A recent article in Arthritis Care & Research supports the idea that the patient global assessment reflects primarily the patient’s experience of their functioning in daily life.1
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The patient global assessment is a key measure used by clinicians and researchers to help evaluate disease status in rheumatoid arthritis (RA). Lead author Ethan T. Craig, MD, MHS, an assistant professor of clinical medicine at the University of Pennsylvania, Philadelphia, and associate editor of The Rheumatologist, explains, “It’s there to capture a gestalt of the patient’s experience of how things are going.”
The patient global assessment is a component of many different disease activity scores used to assess treatment goals in RA, including the CDAI (Clinical Disease Activity Index), the RAPID3 (Routine Assessment of Patient Index Data) and the DAS28 (28-joint count Disease Activity Score).2
The patient global assessment is given as a single question, scored from 0–10 or 0–100, with higher numbers representing worse perceived disease activity or overall health. The non-standardized question can be phrased in terms of global health or overall disease activity.2 “Depending on how you formulate that question,” notes Dr. Craig, “you may get different responses.”
One strength of the patient global assessment is that it provides a lot of basic information in one number. “But one of its limitations is assessing what exactly is being communicated to us,” says Dr. Craig. “When a patient tells me their score is 10 on a scale of 0–10, does that indicate they are having a lot of pain? Does that indicate they are not functioning well? Does it indicate they are very fatigued? It’s a key question: What aspects of experience are patients drawing on when they report a global assessment?”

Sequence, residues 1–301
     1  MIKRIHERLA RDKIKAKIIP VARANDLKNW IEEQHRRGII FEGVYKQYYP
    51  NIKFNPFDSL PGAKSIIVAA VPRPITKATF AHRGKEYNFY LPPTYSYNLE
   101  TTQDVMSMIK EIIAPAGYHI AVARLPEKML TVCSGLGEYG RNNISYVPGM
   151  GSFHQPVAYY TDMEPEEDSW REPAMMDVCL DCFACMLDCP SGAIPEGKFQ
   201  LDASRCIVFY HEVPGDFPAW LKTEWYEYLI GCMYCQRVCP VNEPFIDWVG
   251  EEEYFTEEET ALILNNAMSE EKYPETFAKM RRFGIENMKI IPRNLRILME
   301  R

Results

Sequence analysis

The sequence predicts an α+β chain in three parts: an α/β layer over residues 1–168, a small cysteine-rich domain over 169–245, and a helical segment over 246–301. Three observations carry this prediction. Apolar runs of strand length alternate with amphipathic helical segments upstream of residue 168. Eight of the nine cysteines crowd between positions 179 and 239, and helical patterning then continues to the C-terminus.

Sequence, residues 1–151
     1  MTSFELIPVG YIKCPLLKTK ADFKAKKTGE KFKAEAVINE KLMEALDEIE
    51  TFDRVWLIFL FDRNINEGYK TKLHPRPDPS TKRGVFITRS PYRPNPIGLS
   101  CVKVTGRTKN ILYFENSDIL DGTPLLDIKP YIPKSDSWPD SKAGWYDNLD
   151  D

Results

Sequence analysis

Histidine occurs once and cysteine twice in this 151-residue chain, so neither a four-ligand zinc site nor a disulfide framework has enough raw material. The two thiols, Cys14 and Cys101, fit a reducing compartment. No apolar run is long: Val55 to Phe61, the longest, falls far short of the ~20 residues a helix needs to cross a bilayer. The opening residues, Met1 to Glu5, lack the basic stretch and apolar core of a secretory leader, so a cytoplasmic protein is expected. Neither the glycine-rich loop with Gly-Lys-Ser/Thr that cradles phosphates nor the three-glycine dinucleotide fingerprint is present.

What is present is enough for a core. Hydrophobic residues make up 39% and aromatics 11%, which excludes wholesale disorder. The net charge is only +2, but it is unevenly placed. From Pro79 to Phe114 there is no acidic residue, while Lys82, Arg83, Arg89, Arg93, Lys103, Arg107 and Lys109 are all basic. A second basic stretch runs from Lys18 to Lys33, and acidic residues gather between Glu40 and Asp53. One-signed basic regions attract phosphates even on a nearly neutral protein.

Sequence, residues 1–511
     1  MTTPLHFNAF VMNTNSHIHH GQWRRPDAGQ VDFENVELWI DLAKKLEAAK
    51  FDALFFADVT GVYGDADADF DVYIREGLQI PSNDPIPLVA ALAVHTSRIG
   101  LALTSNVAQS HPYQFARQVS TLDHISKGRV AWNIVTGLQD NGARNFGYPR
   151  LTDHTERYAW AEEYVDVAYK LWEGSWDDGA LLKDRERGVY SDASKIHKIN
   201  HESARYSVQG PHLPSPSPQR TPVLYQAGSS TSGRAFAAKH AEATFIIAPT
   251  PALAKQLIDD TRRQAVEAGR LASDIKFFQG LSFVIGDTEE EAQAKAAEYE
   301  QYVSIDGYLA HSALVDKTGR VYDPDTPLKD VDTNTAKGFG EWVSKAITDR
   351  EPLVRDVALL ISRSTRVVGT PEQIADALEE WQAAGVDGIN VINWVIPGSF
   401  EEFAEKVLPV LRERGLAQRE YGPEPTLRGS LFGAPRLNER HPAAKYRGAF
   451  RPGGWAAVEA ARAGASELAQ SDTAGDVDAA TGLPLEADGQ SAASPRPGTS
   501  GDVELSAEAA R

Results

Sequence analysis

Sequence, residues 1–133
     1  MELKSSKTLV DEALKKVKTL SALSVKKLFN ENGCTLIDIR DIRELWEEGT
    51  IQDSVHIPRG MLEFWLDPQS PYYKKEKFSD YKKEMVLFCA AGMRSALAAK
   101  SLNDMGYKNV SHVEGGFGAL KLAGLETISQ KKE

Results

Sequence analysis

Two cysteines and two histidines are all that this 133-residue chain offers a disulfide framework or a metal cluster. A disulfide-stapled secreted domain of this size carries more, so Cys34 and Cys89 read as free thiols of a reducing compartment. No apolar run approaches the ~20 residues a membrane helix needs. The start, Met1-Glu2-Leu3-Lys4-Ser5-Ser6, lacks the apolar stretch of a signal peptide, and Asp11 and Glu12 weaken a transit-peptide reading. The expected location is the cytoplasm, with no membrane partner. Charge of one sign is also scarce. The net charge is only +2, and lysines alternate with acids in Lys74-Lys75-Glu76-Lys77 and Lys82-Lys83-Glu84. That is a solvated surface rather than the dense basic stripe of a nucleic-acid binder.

Dr. Craig initially became interested in studying the patient global assessment to explore the question of discordance—when patients’ assessments don’t correspond with the rest of the data, as assessed by the clinician. “We know from previous studies that the patient global assessment is the most common parameter to impact attainment of remission in the Boolean-based remission criteria,” he says. Some researchers have even proposed removing the patient global assessment from these remission criteria and focusing on such data as swollen joint counts and C-reactive protein levels.3
Dr. Craig notes that pain has reliably been found to be associated with the patient global assessment. To some extent, physical function and fatigue have shown this association as well. “The piece that has been a little more controversial has been the role of anxiety and depression,” he says.
Although patient global assessment scores tend to track with physician-assessed measures of disease activity, some studies have indicated they are also associated with other components of health, such as mental health comorbidities. Dr. Craig adds, “I think there is a sense that when the patient global assessment doesn’t track well with physician assessments or with RA activity scores, that it may reflect anxiety or depression.”
In their study, Dr. Craig and colleagues tapped two observational cohorts comprising more than 450 RA patients. Most patients were seropositive with established disease, and more than two-thirds were in remission or in a state of low disease activity.
Participants completed various patient-reported outcome measures of health-related quality of life (including the patient global assessment) using either short forms or computer adaptive testing. The patient global assessment was phrased in terms of global health. Measures of disease activity were assessed clinically (such as through DAS28), and the inflammatory markers ESR and CRP were also collected.1
The team used factor analysis to identify the underlying dimensions that may be driving the associations between findings (e.g., between fatigue and sleep disturbance) and thus underlying trends in the patient global assessment.
“Factor analysis is a data reduction strategy in this application,” explains Dr. Craig. “It’s essentially finding correlated variables, then grouping them into a factor and identifying how strongly each variable relates to the theoretical factor.”